During a median five years after diabetes diagnosis (or matched date), about 36,000 incident cancers were identified in those with diabetes and 33,000 in controls. Those with diabetes had a 62 per cent higher cancer risk in the first three months after diabetes diagnosis; however, they showed no elevated risk thereafter.

In addition to the findings suggesting detection bias, patients with diabetes were 23 per cent more likely to be diagnosed with cancer in the 10 years before diabetes diagnosis, relative to controls.

The results of the study show that individuals with diabetes had a significantly higher risk of most cancers, which was limited to the time periods before and immediately after a diabetes diagnosis. The highest risk period was observed within the first three months after a diabetes diagnosis, suggesting at least a partial role of detection bias.

Cancer 11 Jul 2016; DOI: 10.1002/cncr.30095.

 

What’s a ‘typical’ optic nerve head?

Do atypical optic nerve head (ONH) characteristics necessarily lead to atypical biomechanical responses to elevated IOP? Do typical biomechanical responses necessarily come from ONHs with typical characteristics?

In a recent study, researchers addressed these two specific questions. They found the answer to both questions is: no.

Researchers generated 100,000 ONH numerical models with randomly-selected values for the characteristics, all falling within the ranges of normal ONHs. The models were solved to predict their biomechanical response to an increase in IOP. Researchers classified ONH characteristics and biomechanical responses into ‘typical’ or ‘atypical’ using a percentile-based threshold. They then studied the effects of varying the percentile threshold.

When researchers classified the extreme five per cent of individual ONH characteristics or responses as atypical, only 28 per cent of ONHs with an atypical characteristic had an atypical response. Almost 29 per cent of typical responses came from ONHs with at least one atypical characteristic.

Ultimately, the results challenge the assumption that ONHs with atypical sensitivity to IOP must have atypical characteristics. This finding suggests that the traditional approach of identifying risk factors by comparing characteristics between patient groups (for example, ocular hypertensive vs primary open angle glaucoma) may not be a sound strategy.

Exp Eye Res 23 Jun 2016;149:40-47. doi: 10.1016/j.exer.2016.06.012 (Epub ahead of print).

 

Surprise! Pterygium in low UV index areas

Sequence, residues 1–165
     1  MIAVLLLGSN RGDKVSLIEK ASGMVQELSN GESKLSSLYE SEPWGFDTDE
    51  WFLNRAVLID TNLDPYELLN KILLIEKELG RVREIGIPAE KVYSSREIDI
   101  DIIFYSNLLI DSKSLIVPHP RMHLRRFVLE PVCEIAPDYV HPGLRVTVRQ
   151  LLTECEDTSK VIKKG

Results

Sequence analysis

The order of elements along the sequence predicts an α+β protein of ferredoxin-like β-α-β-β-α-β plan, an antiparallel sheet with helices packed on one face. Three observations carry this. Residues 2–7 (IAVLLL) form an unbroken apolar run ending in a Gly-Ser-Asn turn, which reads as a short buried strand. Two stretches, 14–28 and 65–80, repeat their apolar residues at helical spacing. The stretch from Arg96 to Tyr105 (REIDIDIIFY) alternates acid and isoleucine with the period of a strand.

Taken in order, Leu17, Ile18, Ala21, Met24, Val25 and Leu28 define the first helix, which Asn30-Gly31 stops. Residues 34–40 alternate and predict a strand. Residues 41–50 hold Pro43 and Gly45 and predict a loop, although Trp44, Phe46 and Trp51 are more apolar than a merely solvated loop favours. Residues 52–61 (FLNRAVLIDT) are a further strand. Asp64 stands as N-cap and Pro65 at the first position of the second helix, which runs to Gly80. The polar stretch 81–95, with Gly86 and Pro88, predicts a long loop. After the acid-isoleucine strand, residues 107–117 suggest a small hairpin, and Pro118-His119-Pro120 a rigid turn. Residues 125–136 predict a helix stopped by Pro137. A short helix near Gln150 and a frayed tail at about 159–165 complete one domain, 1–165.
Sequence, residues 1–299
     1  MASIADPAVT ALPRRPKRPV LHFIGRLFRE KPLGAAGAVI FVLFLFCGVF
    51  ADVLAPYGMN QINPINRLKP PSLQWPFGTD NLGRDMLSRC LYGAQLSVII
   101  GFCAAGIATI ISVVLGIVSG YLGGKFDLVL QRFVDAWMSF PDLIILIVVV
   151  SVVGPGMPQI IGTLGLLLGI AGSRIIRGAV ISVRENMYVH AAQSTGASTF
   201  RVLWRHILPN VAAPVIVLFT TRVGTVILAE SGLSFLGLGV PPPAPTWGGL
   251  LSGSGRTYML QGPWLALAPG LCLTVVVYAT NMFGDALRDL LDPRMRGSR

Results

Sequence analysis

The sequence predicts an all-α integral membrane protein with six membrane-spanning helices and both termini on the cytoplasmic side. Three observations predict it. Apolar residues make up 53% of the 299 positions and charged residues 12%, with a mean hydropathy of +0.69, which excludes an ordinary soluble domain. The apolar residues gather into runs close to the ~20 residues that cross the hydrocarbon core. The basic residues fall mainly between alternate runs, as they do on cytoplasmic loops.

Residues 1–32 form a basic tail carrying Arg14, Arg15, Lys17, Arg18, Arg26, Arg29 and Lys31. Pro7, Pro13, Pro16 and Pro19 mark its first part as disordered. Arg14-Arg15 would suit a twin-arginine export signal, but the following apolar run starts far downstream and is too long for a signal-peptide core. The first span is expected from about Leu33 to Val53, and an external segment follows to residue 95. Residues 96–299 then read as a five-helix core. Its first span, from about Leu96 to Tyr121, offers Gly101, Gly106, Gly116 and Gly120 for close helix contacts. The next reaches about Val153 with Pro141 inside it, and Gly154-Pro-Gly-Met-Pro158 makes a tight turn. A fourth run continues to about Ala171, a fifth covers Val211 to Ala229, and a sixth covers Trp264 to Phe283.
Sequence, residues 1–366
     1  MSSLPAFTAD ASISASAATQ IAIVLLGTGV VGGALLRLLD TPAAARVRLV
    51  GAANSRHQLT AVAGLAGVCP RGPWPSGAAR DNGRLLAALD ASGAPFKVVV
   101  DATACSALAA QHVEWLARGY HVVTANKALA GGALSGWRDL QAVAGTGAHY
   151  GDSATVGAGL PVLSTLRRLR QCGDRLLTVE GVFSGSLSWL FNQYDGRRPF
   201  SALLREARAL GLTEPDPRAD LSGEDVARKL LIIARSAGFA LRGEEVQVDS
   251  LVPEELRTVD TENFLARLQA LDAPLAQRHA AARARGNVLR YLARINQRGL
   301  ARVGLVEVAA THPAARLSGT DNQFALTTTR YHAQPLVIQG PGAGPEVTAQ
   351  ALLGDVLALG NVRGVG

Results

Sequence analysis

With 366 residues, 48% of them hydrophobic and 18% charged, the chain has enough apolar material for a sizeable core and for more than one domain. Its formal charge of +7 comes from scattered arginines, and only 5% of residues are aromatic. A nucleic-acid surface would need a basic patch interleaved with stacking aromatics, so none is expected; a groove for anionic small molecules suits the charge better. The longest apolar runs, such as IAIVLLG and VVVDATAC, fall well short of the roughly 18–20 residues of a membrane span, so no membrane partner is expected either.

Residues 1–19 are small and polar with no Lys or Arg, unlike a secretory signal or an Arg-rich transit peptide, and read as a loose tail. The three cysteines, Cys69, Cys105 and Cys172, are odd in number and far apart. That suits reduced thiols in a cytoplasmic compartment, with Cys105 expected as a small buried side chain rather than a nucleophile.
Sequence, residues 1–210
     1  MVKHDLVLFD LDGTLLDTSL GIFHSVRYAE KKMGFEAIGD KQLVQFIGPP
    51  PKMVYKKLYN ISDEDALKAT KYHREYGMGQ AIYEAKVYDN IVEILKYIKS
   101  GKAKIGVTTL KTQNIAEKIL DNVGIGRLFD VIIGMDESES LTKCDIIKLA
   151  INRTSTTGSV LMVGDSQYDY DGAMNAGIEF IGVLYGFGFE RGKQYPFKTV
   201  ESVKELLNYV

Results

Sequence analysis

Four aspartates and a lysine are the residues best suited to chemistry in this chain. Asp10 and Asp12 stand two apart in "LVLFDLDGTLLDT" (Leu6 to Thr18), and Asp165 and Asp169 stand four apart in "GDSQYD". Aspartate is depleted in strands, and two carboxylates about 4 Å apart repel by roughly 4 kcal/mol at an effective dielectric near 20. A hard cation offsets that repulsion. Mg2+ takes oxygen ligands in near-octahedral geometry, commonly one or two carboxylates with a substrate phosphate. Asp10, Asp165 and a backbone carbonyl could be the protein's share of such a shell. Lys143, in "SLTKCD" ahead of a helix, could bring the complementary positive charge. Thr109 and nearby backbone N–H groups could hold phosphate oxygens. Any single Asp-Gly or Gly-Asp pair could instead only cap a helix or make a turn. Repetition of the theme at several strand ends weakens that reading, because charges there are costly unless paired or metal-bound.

A Canadian study has found that in a geographic area with low ultraviolet light index, the frequency of epithelial neoplasia seen in excised pterygium specimens was higher than expected. The rate was 2.33 per cent.

Of 215 pterygium specimens received at the Henry C Witelson Ocular Pathology Laboratory, McGill University, Montreal, ocular surface squamous neoplasia was identified in five. Four patients were women and one was a man, and age did not appear to influence the results.

All five lesions were classified according to the Armed Forces Institute of Pathology recommendations. Conjunctival intraepithelial neoplasia I was seen in three cases, and conjunctival intraepithelial neoplasia II and III were each seen in one case.

‘Our frequency rates were close to rates reported in Sydney and even higher than in Florida, regions that are known to have higher yearly exposures to UV rays than Montreal,’ the authors wrote.

The relatively high rate of dysplasia in a low ultraviolet light index area challenges the main cause of this disease in our population. The authors suggested that all pterygium samples should be sent for histopathological evaluation, even in areas with low ultraviolet light index.

Saudi J Ophthalmol 2016; doi:10.1016/j.sjopt.2016.02.007.

 

There’s the rub

A study published in Clinical and Experimental Optometry has shown the adverse effects of eye-rubbing before and after contact lens insertion.

To examine the prevalence of ‘removal-relief’ rubbing and its potential consequences, rubbing histories were recorded for contact lens wearing normal and keratoconic patients as well as for normal non-contact lens wearers. Analogue scaled responses were used to identify and compare abnormal rubbing habits.

Researchers found that contact lens wearing patients, both with and without keratoconus, reported significantly more rubbing before contact lens insertion (p < 0.05) compared to non-contact lens wearers. Eye-rubbing after contact lens removal (‘removal-relief’ rubbing) was found to be significantly more prevalent among contact lens-wearing keratoconic patients compared to contact lens-wearing non-keratoconic patients (p < 0.001 in both cases).

The author concludes that rubbing-related trauma occurring before contact lens insertion may predispose the cornea to wound healing activities and greater levels of adverse response to contact lens wear. Such adverse responses could predispose the cornea to greater trauma, which occurs in response to rubbing on removal of contact lenses.

Strong counselling to avoid eye rubbing is often not an adequate form of management for a significant number of patients with keratoconus. Evidence of relapses indicates the need for better and more frequent methods of counselling for keratoconus patients.

Clin Exp Optometry 2016; 99: 4: 366-372. doi: 10.1111/cxo.12343.